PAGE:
Buzzwords stemming from the COVID-19 pandemic can be scary: Self-isolation, quarantine, social distancing. What can we make of all this and how are we supposed to deal with the physical and mental ramifications of staying inside or being alone? These facts and tips can help you do your part to stymie the spread of coronavirus and stay healthy in all aspects.

Social distancing is a procedure health officials and government agencies made to help contain potential epidemics (widespread) and pandemics (globally spread) like the coronavirus. This procedure allows governments to make laws that shut down public gatherings and indoor and outdoor events over a certain number of people, as well as businesses and schools. During social distancing protocol, it is necessary for all restaurants to switch only to take-out orders, classes to take place online, companies to allow all employees who can to work from home, and all non-essential businesses to close. Grocery stores, pharmacies, healthcare providers, and pharma companies working on clinical trials or vaccines will remain open, possibly with restrictions.

Isolation is voluntary: It is best to stay home and only interact with others for essentials, like grocery shopping or medical visits that are absolutely necessary. While you might not feel sick, you can be a carrier of COVID-19 and simply touching glasses at a bar or items at a store can infect others more vulnerable.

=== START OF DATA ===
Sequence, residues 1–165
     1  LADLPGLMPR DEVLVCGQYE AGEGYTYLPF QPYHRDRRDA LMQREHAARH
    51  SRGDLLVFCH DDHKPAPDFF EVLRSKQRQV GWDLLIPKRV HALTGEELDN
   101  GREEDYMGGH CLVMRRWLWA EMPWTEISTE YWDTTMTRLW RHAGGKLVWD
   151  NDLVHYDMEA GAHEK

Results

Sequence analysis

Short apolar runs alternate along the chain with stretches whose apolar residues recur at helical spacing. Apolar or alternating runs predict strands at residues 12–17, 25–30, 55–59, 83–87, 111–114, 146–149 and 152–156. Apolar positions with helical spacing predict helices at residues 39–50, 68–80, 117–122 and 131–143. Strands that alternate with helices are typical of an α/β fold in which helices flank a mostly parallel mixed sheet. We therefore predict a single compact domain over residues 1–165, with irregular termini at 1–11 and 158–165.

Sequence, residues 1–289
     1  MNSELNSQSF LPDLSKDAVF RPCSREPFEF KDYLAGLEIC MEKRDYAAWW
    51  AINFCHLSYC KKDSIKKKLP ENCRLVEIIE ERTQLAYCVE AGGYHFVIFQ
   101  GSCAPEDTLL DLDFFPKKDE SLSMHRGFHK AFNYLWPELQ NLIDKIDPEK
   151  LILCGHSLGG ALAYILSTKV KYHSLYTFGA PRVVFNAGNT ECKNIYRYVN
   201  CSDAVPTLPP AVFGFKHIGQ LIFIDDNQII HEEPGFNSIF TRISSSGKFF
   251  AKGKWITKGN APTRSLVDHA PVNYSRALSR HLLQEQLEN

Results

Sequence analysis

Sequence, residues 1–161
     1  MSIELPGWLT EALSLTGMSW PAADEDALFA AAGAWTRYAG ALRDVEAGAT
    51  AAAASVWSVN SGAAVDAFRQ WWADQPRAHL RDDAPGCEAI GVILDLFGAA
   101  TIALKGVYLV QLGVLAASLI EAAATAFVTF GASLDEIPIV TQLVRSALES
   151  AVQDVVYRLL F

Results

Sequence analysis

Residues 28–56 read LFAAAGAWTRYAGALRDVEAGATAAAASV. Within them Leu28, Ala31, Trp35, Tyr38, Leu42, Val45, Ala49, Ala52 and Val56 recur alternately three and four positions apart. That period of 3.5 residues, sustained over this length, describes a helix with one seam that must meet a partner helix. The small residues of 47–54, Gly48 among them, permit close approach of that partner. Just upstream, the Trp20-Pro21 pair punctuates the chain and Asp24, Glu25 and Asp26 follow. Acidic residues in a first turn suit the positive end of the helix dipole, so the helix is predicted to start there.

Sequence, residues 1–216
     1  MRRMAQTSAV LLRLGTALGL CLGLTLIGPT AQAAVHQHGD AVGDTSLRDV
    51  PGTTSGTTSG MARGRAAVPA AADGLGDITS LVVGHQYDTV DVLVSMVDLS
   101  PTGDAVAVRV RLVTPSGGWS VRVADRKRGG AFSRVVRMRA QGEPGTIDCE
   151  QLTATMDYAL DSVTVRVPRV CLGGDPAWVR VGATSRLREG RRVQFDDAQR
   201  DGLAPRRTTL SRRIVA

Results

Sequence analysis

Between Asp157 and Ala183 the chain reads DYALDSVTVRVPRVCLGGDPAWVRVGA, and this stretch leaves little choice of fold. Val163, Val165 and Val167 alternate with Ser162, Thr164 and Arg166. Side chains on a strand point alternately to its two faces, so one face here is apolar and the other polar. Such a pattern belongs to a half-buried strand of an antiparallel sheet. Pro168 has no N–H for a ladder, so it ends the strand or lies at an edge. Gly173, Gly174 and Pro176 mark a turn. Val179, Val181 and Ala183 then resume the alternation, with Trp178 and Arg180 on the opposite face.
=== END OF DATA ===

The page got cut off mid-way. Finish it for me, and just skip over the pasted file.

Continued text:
Quarantine is not voluntary: It means staying in your home under all circumstances because you have symptoms or have been infected with COVID-19.

When practicing social distancing, it is especially important to stay away from those who are most at-risk (those over 50 or with chronic conditions). At the same time, it is essential to make sure that this population, who should be practicing the most extreme social distancing and staying home unless emergency strikes, have everything they need to stay healthy—mentally and physically. Going grocery shopping for your elderly neighbor and leaving the items at their door is a great way to start. But for extended periods of isolation, products today can help patients and individuals through it. Uniper has created an easy-to-use, webcam-based system that plugs into any TV so users can make video calls, attend classes and appointments, or book healthcare services easily.

“The senior population is most at risk of becoming seriously ill from the coronavirus and has been largely isolated as a medical and safety precaution,” says Avi Price, COO of Uniper. “As a result, it is crucial that health systems deploy scalable, sustainable models and interventions allowing the older adult population to have access to the outside world, medical professionals, regular live and interactive wellness programming, recreational activities, social engagements, and most importantly live interaction with their loved ones so that they can stay connected and engaged even in these trying times.”

Those least affected by the virus and practicing social distancing can stay active and connected using free apps to work-out from home, such as 7-minute Workout or FitOn. Or have movie night with friends via Facebook Watch Party or Discord, or start a club or digital happy hour with video calling via WhatsApp or Zoom. Don’t forget to wake up at your usual time, stick to a routine, and take a walk outside at least once a day somewhere you can avoid the public and get a daily dose of sunshine and fresh air.

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